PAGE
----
While the weather was still nice we cleaned the coach, replaced the weak fog lights with the Hi-Viz LED driving lights, completed some basic maintenance on the chassis and air purged the water lines. While we had the good weather I removed the old 26 inch RCA analog television and replaced it with a new 32 inch Samsung smart TV and a Sony Blue-ray player. I also added an Apple TV, an internal wireless system with network drive (Apple Air Port Extreme) and made space for a multi function printer/scanner/copier. We intend to use my Samsung Galaxy 5 cell phone on AT&T for a hotspot. For voice communications we have the cell phone and our AT&T wireless home phone system.
All appliances were serviced and are ready for the extended winters trip. I ordered a remote temperature monitoring station for keeping tract of the temperatures of the water and holding tank areas. I added a Garmin 760 RV GPS and a TPMS (tire pressure monitoring system). The towing system (Blue Ox hitch and Brake Buddy Stealth auxiliary brakes). We could now tow the Jeep. Our winter hotel on wheels was ready.
As we are part timing we had to consider our home in Michigan and the winter it would face on its own. Our plan has check list of the not so obvious.
1. Shutting down the house.
a) service furnace to operate at minimum (45 degree) house temperature.
b) remove all items from the garage that will freeze and turn off the heat in the garage.
c) shut down the water and allow lines to drain
d) shut off water heater
2. Forward Mail to family mail service
3. Verify home owners service will cover an empty house for the three or four months
4. Do all doctor and dentist appointments
5. Set up financial to provide access to cash and put all credit card payments on line and regular bills on auto pay
6. Notify neighbors and 911 E-dispatch (via the web portal) of our absence
7. Contact lawn service for early spring clean up and possible mowing
8. Load the coach with 3 days of food, water and supplies.
10. Lock door, connect Jeep, put Winnie in gear and head South
For safety we had to time the weather. Our motorhome while designed for cold weather camping rides on conventional highway tires. Slippery roads, cross winds and highway speeds are not a good combination for safe RV travel. Our plan was to leave the Monday after Christmas. Our winter had been light so it looked like cold temperatures and dry roads. The day before Christmas the weather forecast changed. We would be getting our first major snow on Sunday. Our Monday departure date just changed. Quickly we put our final load in the coach, ran the check list on our home and left Christmas morning. We were amazed how quiet the highways are on Christmas morning. We were on our way.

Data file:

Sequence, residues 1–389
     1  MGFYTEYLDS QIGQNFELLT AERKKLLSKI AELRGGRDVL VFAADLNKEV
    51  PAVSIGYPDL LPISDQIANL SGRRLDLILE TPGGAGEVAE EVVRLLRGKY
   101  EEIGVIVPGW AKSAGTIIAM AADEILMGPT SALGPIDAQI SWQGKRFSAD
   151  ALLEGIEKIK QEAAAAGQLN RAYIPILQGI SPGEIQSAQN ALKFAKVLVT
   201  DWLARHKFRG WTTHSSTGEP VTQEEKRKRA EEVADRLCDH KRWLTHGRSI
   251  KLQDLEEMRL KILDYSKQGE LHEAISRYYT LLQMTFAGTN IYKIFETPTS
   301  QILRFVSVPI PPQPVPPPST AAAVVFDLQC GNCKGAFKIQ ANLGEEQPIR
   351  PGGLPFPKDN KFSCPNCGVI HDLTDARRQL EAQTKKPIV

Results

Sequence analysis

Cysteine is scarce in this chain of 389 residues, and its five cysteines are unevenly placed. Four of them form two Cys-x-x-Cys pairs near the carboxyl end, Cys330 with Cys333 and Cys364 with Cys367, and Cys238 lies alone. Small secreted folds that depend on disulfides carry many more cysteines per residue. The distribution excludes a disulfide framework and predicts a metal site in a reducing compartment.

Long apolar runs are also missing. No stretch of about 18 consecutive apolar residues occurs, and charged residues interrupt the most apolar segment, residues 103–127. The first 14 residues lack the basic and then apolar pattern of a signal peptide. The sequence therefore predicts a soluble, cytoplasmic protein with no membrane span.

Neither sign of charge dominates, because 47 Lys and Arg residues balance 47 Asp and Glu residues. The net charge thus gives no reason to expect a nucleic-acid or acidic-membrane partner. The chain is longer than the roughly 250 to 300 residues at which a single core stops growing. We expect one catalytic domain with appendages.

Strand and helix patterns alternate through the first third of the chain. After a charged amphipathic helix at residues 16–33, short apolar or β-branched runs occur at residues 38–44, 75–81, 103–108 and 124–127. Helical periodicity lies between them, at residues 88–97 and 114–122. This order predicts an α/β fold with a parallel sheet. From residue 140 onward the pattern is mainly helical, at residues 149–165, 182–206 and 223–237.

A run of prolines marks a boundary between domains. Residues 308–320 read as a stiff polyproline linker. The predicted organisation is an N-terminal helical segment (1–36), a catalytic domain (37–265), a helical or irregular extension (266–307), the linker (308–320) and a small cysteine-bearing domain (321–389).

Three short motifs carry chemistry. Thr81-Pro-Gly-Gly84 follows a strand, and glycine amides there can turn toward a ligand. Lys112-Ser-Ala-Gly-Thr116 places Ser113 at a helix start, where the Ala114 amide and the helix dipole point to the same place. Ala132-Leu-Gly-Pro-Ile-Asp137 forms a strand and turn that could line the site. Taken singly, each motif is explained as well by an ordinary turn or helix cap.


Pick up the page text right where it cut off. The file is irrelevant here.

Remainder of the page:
Micheal “Mike” Whelan is a retired wild land firefighter. He and his wife Diane recently retired with one goal of traveling and learning the true history of North America. By the true history he means the culture, the people, who their people were and why they live where they do and how they live. Mike retired from the emergency services in 1995 first working as a consultant and in 2001 starting a software business. The first product was scheduled to be released on September 10. When the attack came on September 11th the old product was shelved and immediately scaled to service the new requirements of the emergency responders. The intended local business went national the following year.
caused extensive travel across the U.S. and parts of Canada, always
working and never having time to visit and get to know the people.
The business was sold in 2015. Mike and Diane decided to get their
affairs in order and begin visiting all of the places as a tourist
often times becoming emerged in the local culture. They are part
timers of snow birders having no desire to sell everything and hit
the road. Now retired and no longer “working” from their RV on
the road their adventure is just beginning.
The travel adventure includes extended two or three month travels as well as short one or two week trips in their 2003 Winnebago Adventurer. On long trips the take their “toad” (a 2014 Jeep Wrangler). Mike and Diane are photographers and explorers. Much of Mikes photo time is nature photography, Diane captures people, the unusual, often seen but seldom observed. They live in Traverse City, Michigan (a tourist capital in its own right) and use their motor home to visit their children and grand child. Blog site is http://michealwhelan.wix.com/whelans-on-the-road